• Signs of recovery could be at risk by supply chain disruption
  • Reasons to be optimistic with healthy order banks
  • Age and mileage of used cars sold at Manheim increases once again
  • Continuation of 2021 market dynamics likely
  • Cox Automotive most likely forecast close to SMMT actual results
  • Three out of five major European markets enjoy a positive performance

Despite healthy orders ahead of the March plate change, Cox Automotive is warning that further headwinds face the new vehicle manufacturing market, disappointing those looking forward to any projected recovery. Global political events mean that the sector could well be heading towards continuing rapid changing market dynamics, similar to 2021.
According to Philip Nothard, Insight and Strategy Director at Cox Automotive, March's new car registration results usually creates one of the highest volume months of the year. Despite the rapidly changing global political situation, Nothard says there are reasons to be optimistic, with healthy order banks for March registrations, albeit for specific manufacturers and particular models. This could create an imbalance of profile of part-exchanges and future used vehicles entering the parc. The hope for Cox Automotive is that March will generate some much-needed used vehicles for the wholesale and remarketing sector and dealers.
Nothard refers to changes in retail where reports imply manufacturers are operating a 'sold order only' process or deciding to prioritise the retail channel, in addition to either limiting supply or offering no response to when production will resume. The topic of the Agency Model is also accelerating, and whilst some manufacturers may already have plans in place, others know they must do it but are not sure how.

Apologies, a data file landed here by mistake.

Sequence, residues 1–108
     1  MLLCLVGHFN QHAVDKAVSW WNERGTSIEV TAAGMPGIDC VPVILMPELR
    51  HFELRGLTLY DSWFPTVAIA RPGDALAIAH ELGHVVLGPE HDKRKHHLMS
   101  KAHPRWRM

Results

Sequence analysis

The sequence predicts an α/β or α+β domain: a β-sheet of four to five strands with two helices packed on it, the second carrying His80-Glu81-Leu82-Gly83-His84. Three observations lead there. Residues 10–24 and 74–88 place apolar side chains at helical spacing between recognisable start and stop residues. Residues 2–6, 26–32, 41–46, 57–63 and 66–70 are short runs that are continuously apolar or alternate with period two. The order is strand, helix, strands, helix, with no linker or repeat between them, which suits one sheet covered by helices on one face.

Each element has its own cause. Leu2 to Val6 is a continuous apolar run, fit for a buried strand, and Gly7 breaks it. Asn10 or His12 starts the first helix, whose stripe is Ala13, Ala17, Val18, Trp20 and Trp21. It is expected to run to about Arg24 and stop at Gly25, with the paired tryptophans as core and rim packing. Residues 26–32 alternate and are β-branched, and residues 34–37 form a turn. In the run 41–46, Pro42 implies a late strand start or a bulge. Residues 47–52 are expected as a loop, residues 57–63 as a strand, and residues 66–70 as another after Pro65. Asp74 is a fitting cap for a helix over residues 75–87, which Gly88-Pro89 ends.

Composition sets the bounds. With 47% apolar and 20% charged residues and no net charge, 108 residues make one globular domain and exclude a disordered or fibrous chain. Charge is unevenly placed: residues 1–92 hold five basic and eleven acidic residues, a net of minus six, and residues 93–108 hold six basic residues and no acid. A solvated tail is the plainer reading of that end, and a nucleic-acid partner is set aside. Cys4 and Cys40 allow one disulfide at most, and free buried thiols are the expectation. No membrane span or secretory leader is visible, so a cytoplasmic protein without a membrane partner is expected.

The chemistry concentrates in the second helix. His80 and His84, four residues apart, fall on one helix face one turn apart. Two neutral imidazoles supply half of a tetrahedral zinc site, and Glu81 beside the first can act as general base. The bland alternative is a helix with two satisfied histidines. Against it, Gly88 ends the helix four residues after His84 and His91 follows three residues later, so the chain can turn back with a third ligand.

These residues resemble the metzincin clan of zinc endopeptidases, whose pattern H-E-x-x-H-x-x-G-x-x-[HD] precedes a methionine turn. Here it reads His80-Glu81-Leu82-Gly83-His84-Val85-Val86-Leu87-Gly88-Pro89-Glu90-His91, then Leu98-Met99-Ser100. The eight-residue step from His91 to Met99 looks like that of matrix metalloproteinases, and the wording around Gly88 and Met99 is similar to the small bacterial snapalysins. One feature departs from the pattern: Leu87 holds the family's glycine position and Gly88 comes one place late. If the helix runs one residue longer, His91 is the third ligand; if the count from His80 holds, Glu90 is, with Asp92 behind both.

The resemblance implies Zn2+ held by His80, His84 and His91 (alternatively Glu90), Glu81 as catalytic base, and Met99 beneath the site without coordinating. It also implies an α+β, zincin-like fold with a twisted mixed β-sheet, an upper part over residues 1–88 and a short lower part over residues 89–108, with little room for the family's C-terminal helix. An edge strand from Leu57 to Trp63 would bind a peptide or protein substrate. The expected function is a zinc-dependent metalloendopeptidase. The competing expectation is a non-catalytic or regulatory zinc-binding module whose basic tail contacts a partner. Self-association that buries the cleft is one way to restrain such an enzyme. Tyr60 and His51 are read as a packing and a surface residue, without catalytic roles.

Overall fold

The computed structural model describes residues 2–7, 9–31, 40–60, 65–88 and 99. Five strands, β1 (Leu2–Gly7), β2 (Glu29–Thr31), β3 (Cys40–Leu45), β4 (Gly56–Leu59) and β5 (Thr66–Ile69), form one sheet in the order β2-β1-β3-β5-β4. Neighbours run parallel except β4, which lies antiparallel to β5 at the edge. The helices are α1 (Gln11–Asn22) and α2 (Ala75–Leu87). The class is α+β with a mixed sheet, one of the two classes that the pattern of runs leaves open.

Manheim February auction results

Manheim wholesale key indicators

February’s wholesale key indicators continued to display signs of a stable market created by the ongoing imbalance between supply and demand, which has existed since the summer of 2020. 

Manheim lanes last month experienced three key indicator increases. This was seen in the average first-time conversion, which increased by 0.74% to 84.40% month-on-month. In addition, the average age of cars sold also slightly increased by 1.2% to 102.1 months, and the average mileage of cars sold increased by -0.56% and up by 396 miles to 70,558 miles.

However, despite three key indicators experiencing month-on-month increases, used car values fell slightly, with the average sale price decreasing by 2.32% or £187, to £7,866. CAP Clean values also experienced a marginal month-on-month fall of 0.22%, to 98.04%.

Writing in Cox Automotive’s new Q1 2022 edition of AutoFocus magazine, Nothard said: “It’s increasingly likely that we will see a continuation of many of the market dynamics we saw in 2021. However, although there are signs of new vehicle supply returning, it is currently very dependent on those manufacturers who have managed to secure the necessary materials to build vehicles and therefore keep production lines running. And even then, those manufacturers can only fulfil quotas on select models and derivatives.